Mel Watt might ask, “Why make me sweat and fight for this job, Val….er, I mean Mr. President, if you are going to give my portfolio to the guy whose building is called ‘11 floors of basement?’ ”
On a more positive note, FHFA Director Watt has started reaching out to housing and mortgage finance industry groups, which report positive meetings and kudos for the Director.
What Others are Saying
Al Jazeera feels deeply about Fannie and Freddie.
Chuck Gabriel discusses Donovan comments.
Barclay’s says C-W requires beau coup fresh capital and may need a decade and a half to get it.
Key excerpt from the above referenced report:
“We estimate that $400-450bn of private capital is needed to absorb the credit risk of all $4-4.5trn in government- guaranteed GSE mortgages, assuming a 10% first-loss piece. The private markets cannot raise this amount easily. In our view, a government retreat will need to be spread over at least 10-15 years, not the five years proposed by Corker-Warner.”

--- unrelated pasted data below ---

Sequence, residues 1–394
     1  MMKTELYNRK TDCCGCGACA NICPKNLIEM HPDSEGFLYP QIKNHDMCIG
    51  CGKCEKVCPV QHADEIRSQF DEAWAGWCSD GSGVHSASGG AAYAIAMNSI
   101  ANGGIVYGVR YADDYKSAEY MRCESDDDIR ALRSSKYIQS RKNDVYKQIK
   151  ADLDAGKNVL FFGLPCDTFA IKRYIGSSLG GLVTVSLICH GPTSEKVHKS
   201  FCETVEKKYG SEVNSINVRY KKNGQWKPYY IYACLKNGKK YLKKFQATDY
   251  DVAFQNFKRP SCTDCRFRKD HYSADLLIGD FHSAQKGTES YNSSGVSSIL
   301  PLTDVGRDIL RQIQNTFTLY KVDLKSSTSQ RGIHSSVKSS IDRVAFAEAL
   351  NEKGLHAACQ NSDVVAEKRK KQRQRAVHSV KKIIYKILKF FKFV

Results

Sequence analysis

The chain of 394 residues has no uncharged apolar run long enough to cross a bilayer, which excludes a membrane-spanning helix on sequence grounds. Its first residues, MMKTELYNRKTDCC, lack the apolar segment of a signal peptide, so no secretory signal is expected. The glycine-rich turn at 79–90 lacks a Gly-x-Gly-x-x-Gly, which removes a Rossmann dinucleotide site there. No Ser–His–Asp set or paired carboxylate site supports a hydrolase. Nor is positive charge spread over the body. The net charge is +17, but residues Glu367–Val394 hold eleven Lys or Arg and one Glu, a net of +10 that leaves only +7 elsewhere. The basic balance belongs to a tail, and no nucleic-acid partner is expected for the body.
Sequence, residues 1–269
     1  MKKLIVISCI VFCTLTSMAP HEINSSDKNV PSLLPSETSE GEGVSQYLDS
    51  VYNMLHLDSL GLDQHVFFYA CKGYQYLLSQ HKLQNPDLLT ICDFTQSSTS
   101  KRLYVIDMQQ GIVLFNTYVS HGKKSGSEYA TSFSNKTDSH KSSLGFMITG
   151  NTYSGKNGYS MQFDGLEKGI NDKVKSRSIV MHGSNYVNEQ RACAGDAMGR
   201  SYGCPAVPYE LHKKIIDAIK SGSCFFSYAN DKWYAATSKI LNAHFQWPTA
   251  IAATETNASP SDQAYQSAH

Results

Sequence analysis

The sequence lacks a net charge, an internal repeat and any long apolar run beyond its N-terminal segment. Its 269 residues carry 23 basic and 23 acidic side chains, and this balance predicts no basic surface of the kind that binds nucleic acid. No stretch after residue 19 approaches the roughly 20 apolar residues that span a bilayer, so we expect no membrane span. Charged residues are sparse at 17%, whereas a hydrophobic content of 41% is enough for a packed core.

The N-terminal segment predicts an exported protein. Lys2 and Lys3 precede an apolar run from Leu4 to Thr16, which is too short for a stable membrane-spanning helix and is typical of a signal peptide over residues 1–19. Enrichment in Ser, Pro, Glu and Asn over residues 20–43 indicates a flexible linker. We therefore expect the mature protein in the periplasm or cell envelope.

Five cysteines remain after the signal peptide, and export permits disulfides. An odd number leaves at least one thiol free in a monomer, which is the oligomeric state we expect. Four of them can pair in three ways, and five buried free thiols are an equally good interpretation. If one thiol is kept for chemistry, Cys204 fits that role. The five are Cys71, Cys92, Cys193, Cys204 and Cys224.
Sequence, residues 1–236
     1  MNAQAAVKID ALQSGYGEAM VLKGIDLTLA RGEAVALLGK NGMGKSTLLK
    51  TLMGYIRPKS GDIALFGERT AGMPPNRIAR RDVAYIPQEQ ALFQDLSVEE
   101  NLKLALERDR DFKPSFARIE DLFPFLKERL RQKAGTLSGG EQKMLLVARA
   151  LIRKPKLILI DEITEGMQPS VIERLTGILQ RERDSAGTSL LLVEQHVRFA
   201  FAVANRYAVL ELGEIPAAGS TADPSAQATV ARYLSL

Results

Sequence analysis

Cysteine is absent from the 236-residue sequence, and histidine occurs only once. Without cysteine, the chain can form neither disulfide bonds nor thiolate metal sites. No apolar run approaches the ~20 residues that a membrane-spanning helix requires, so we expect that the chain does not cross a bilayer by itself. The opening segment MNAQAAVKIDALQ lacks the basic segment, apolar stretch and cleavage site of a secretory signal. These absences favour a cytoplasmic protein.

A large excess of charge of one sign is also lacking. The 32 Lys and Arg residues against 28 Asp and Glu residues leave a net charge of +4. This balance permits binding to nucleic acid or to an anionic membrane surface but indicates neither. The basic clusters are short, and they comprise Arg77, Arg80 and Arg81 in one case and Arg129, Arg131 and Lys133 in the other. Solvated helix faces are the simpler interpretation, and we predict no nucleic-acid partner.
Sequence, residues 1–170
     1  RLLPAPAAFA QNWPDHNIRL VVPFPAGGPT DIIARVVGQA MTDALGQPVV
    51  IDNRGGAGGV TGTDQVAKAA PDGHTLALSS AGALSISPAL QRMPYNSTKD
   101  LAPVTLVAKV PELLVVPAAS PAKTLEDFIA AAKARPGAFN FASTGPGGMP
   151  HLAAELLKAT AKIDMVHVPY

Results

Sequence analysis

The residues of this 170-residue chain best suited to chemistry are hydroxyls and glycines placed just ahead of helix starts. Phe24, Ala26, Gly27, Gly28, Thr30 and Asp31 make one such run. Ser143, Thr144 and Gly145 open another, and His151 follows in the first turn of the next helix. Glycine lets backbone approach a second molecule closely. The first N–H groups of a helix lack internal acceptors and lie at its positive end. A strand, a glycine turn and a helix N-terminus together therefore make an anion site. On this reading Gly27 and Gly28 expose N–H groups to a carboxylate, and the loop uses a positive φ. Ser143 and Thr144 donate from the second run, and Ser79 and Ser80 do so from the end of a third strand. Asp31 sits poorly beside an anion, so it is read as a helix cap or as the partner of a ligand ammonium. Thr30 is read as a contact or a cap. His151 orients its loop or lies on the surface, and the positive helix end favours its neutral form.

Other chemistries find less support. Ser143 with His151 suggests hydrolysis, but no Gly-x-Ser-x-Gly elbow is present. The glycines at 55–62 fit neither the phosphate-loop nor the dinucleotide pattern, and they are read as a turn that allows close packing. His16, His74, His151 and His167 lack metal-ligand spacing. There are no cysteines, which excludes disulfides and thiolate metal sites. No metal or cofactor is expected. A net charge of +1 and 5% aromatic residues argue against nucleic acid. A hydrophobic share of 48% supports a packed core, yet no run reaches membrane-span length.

Biting the Hand that Feeds the Hand, or..?
In checking on something else, I stumbled upon this surprising story, which is about three months old. But I missed it when it first appeared.
Generally major fundraisers do not dump on the legislative projects of those for whom they raise funds. It could make possible campaign contributors think your candidate is a lightweight.
But that didn’t stop Tim Pagliara, the CEO of Cap Wealth Advisors, and a main Bob Corker (R-Tenn.) cash guy.
Maloni’s Movie Opinions
Leonardo DiCaprio and Jonah Hill deserve best actor and best supporting actor Oscars for “Wolf of Wall Street.”
Lone Survivor is a gritty and excellent movie.